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Watch company archives have been extensively mined over the past years for inspiration from the 1950s and 1960s, with no iconic dial left un-reissued. 1 category of neo-vintage layout left unexplored, however, is the tooth dial — a craft that elevated the watch dial to the level of fine art in the 1950s.
The teeth dials created by Rolex from the mid-20th century are among the rarest and most valuable in the entire world — and also the funniest. Until now.
Ematelier, a contemporary master of the tooth arts, has developed a way to pay homage to these masterpieces. But they are as difficult and time-consuming to make as the originals. “This notion and those dials are certainly not for everyone,” says Ematelier’s Alex Landa. “Our customers thus far have had a strong affinity specifically for watches with enamel dials and for rare and special pieces. These bespoke dials originated from habit requests, and have been driven by the desires of our customers.”
The 1950s represented the heyday of all cloisonné enamel dial artwork, but that doesn’t mean that the dials were being churned out in large quantities. The couple brands making them at that time — Rolex watches, Patek Philippe, Vacheron Constantin, and Omega, for example — only produced a few hundred in total throughout the 20 years that they were being created, from the late 1940s to the 1960s. Few artisans were effective at producing them. The main motifs were Viking boats or caravels, maps, peacocks, Neptune, and dragons.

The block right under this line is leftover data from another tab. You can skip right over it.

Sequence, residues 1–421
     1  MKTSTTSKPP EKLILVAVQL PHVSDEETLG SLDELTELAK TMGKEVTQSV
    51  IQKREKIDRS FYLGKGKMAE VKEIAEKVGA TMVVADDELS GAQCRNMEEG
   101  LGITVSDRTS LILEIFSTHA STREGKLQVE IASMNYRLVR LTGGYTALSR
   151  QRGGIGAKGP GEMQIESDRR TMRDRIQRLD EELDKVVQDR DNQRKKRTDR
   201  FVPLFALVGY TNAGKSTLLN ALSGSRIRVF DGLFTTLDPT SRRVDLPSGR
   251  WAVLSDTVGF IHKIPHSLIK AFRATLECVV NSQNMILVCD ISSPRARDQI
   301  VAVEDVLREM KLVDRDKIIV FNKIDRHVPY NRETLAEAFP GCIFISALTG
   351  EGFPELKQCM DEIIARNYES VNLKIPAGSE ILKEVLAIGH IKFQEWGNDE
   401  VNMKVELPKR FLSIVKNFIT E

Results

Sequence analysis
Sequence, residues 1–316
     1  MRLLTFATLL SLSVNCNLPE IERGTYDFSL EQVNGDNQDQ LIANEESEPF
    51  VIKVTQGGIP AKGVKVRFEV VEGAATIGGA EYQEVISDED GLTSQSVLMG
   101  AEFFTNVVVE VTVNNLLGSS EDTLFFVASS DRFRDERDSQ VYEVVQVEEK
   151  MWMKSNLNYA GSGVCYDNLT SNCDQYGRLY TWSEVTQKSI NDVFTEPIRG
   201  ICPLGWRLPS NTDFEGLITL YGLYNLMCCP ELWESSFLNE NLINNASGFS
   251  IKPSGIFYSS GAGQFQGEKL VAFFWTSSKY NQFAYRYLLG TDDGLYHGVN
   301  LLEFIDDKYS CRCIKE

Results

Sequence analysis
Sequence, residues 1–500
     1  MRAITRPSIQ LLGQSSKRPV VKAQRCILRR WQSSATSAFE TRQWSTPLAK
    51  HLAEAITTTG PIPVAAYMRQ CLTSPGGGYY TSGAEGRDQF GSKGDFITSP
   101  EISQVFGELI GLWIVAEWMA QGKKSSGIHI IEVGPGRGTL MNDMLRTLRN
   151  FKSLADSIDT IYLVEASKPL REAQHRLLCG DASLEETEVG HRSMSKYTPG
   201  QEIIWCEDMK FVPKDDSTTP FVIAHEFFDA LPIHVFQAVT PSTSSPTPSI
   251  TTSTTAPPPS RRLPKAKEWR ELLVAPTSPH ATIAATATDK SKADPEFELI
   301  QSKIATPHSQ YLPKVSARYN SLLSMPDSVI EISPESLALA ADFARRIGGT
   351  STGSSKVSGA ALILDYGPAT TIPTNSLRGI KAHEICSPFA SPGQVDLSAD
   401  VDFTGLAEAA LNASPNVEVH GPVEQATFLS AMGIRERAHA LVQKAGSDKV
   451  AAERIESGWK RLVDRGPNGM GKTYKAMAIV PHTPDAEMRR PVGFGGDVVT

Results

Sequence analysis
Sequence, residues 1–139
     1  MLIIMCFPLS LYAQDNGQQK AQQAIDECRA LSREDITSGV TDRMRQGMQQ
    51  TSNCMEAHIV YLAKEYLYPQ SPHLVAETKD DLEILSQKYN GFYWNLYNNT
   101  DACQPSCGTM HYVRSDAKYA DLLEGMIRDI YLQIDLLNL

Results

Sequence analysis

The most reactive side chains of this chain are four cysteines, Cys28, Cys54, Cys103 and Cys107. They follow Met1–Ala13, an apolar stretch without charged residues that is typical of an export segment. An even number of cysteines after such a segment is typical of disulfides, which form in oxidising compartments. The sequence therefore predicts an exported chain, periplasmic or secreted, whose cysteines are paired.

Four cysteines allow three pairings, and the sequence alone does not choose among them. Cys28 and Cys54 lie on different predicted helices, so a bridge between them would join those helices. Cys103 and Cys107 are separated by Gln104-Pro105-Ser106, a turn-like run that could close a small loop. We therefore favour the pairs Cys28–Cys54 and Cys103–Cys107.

Christie’s auction house sold a part using a Neptune dial made in 1953 for CHF 609,000 (roughly $630,000) in a Geneva auction at 2011, and a similar one with a map motif at a New York auction for $425,000. Phillips sold a reference 6085 with a dragon dial for $676,700 at a Geneva auction in 2016 and a similar slice at a Hong Kong market a year earlier for $750,000.
Every dial was created individually by one craftsperson in the cloisonné style. Cloisonné signifies”partition” since the technique involves putting thin gold wires onto a dial to separate each enamel color that creates the composition. The spaces inside each cloisonné are filled with tooth powder, and every color is fired separately in an oven at 800 degrees Celsius. However, the dials frequently don’t get to there. Every time that the dial is fired or polished there’s a high chance it’ll crack, change colour, or have undesirable marks. The rejection rate in cloisonné enameling is extremely high.
Reproducing them today is no less hard. Ematelier has thoroughly maintained the methodology, artisanship, and superior grade of the originals, and has gone even further: The enamel is mirror-polished.